Hanging out with Ray you’re always in for a good
At the hotel
time. He comes up with a plan and will surprise you with the destination. Our first stop on the “Tour de Ray” was the Jim Thompson House. American Jim Thompson came to SE Asia with the military pre-WWII and fell in love with Thailand. After his tour of duty, Thompson became a business man and is credited with commercializing the Thai silk industry in the Western world. Here, he has become somewhat famous for his work and his architectural prowess. The tour is focused around his house and vast art collection, a combination of 6 relocated traditional Thai houses joined together as one, giving a visitor a sense of Thai architecture.
Our next adventure was a full day tour of the Grand Palace. The Grand Palace, located in the heart of Bangkok and built in 1782, is the former royal residence of the King and his family, as well as home to the Wat Phra Kaew or Temple of the Emerald Buddha. As we have learned, the Thai monarchy is one of the wealthiest in the world and this is evident in the extensive amounts of gold, gems and intricate designs throughout the Grand Palace. The tour began by
Jim Thompson House
Silk design printing block
getting all of us extra clothing, as being covered in the temples is seen as a sign of respect in Buddhism, as in most religions. We hired a tour guide who taught us quite a bit. While her English was slightly hard to understand, Ray came to the rescue again with his translations. By the end of the tour we had given our respect to the famous Emerald Buddha (actually made of jade), we had admired the various temples infusing both Hindu and Buddhist tradition, and we had learned a brief history of the Kingdom of the “Free Land” (literal translation of Thailand).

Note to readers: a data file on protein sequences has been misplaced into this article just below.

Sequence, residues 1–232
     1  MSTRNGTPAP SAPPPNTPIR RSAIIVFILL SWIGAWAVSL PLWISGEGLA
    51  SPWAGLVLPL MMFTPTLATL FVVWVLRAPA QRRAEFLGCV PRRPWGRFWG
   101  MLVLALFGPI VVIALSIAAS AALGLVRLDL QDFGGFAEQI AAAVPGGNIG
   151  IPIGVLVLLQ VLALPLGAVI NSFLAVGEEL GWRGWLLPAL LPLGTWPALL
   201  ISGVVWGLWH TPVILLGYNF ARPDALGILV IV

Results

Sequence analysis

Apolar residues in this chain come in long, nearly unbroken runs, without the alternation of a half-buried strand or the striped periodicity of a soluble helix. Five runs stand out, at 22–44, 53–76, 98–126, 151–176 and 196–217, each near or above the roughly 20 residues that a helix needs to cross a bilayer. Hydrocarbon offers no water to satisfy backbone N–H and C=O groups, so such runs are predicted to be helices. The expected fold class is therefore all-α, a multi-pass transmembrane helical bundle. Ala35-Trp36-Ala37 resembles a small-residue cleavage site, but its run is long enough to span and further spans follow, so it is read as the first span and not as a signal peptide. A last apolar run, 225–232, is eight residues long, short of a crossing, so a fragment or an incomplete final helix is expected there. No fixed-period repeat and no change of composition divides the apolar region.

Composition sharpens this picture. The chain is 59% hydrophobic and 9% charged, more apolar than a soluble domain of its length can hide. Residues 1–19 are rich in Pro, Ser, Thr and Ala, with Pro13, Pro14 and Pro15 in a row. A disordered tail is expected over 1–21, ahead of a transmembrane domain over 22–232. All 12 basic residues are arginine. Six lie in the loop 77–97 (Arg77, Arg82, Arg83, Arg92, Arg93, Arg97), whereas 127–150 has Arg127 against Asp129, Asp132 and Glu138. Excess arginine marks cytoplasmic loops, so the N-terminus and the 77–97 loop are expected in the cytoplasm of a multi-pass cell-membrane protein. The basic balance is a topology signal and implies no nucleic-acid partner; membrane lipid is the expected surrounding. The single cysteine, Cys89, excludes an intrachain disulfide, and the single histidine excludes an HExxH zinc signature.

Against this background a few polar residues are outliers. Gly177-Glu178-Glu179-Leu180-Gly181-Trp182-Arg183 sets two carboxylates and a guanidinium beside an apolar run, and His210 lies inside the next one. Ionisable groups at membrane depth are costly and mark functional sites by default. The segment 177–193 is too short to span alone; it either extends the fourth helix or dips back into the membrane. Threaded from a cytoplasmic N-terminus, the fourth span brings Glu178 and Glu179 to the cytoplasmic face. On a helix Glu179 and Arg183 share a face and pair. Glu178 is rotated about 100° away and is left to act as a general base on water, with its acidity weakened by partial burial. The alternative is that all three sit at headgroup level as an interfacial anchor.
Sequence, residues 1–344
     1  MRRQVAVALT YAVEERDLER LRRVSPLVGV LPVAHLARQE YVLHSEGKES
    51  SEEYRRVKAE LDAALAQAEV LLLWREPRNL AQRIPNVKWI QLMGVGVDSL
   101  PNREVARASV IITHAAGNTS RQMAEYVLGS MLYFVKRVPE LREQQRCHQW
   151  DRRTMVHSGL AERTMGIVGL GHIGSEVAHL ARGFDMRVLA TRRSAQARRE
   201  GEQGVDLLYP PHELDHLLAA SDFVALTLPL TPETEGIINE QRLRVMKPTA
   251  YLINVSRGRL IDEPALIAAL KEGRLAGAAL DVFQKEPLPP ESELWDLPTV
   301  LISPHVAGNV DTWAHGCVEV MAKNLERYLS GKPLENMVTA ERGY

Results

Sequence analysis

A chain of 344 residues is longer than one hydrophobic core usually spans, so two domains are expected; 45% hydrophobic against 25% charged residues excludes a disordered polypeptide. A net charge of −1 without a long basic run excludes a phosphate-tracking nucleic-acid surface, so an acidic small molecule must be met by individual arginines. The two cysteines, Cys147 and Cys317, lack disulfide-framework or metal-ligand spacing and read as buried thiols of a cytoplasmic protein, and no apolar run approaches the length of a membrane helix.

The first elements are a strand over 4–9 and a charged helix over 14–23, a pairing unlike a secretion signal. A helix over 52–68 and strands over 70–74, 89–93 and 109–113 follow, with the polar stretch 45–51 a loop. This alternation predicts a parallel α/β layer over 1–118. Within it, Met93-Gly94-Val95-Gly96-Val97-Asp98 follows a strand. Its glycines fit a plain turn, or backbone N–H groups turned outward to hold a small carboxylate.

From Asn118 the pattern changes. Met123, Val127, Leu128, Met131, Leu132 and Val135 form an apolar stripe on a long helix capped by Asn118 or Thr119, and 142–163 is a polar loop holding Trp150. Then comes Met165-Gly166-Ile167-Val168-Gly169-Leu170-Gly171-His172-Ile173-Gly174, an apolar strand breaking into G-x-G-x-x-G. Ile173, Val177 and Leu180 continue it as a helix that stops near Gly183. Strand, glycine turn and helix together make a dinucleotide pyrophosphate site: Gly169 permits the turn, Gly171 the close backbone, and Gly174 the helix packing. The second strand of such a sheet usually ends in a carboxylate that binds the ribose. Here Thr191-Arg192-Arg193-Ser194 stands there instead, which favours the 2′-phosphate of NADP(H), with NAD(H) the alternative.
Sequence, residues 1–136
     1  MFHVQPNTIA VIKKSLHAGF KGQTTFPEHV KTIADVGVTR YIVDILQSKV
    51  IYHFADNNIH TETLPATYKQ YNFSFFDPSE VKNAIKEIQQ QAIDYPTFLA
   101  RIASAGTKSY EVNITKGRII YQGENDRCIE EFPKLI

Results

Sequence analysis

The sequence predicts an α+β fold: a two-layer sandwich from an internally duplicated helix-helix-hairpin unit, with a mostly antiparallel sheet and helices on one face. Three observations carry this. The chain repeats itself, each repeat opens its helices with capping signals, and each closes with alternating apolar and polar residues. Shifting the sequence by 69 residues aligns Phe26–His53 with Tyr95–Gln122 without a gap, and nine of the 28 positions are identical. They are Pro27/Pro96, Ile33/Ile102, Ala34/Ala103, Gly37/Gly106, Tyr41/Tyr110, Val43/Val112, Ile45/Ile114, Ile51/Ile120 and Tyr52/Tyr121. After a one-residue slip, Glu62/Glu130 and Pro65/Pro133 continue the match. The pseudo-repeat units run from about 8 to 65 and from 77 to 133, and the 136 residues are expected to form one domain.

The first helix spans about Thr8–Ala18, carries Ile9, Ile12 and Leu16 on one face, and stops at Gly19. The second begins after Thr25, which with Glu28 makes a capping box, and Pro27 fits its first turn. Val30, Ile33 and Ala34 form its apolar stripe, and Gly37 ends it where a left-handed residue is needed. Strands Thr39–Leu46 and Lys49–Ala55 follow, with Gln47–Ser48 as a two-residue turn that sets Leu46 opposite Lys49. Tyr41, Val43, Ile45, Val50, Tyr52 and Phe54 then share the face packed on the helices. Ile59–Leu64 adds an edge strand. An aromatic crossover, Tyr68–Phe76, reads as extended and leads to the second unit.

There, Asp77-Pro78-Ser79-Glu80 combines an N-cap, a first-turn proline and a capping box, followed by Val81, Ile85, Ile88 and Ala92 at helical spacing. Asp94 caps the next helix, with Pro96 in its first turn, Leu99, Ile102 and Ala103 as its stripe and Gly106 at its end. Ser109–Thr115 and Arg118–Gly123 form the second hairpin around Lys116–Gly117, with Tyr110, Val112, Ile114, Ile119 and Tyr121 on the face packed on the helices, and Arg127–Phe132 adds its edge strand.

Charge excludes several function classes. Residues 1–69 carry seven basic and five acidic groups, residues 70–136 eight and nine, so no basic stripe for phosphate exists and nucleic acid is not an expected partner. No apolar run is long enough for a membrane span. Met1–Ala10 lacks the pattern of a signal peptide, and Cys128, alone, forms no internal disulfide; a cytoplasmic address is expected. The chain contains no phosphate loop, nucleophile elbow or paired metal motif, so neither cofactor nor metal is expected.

As we came to the end of our tour, we were all feeling a bit “hangry” (hungry + angry), so we jumped in a Tuk Tuk and headed to explore the Khao San market. The market was bursting with street eats, cheap clothing, fish spas (the fish literally exfoliate your feet), “custom tailored suits with special price for you”, and tons of locals encouraging us to buy any and everything they had to offer. We gave in on the Pad Thai and cold Singha beer. Of course now we know where to go shopping before we
Ray, Nok and yours truly
fly home. The day came to a close with drinks from a roof top bar that overlooked the river and the awe-inspiring Temple of the Dawn.
On Saturday, we checked out of our personal palace ready for our next adventure. Ray and Nok were nice enough to book us a room in their university housing complex downtown; however, when they came to pick us up the plan had apparently changed…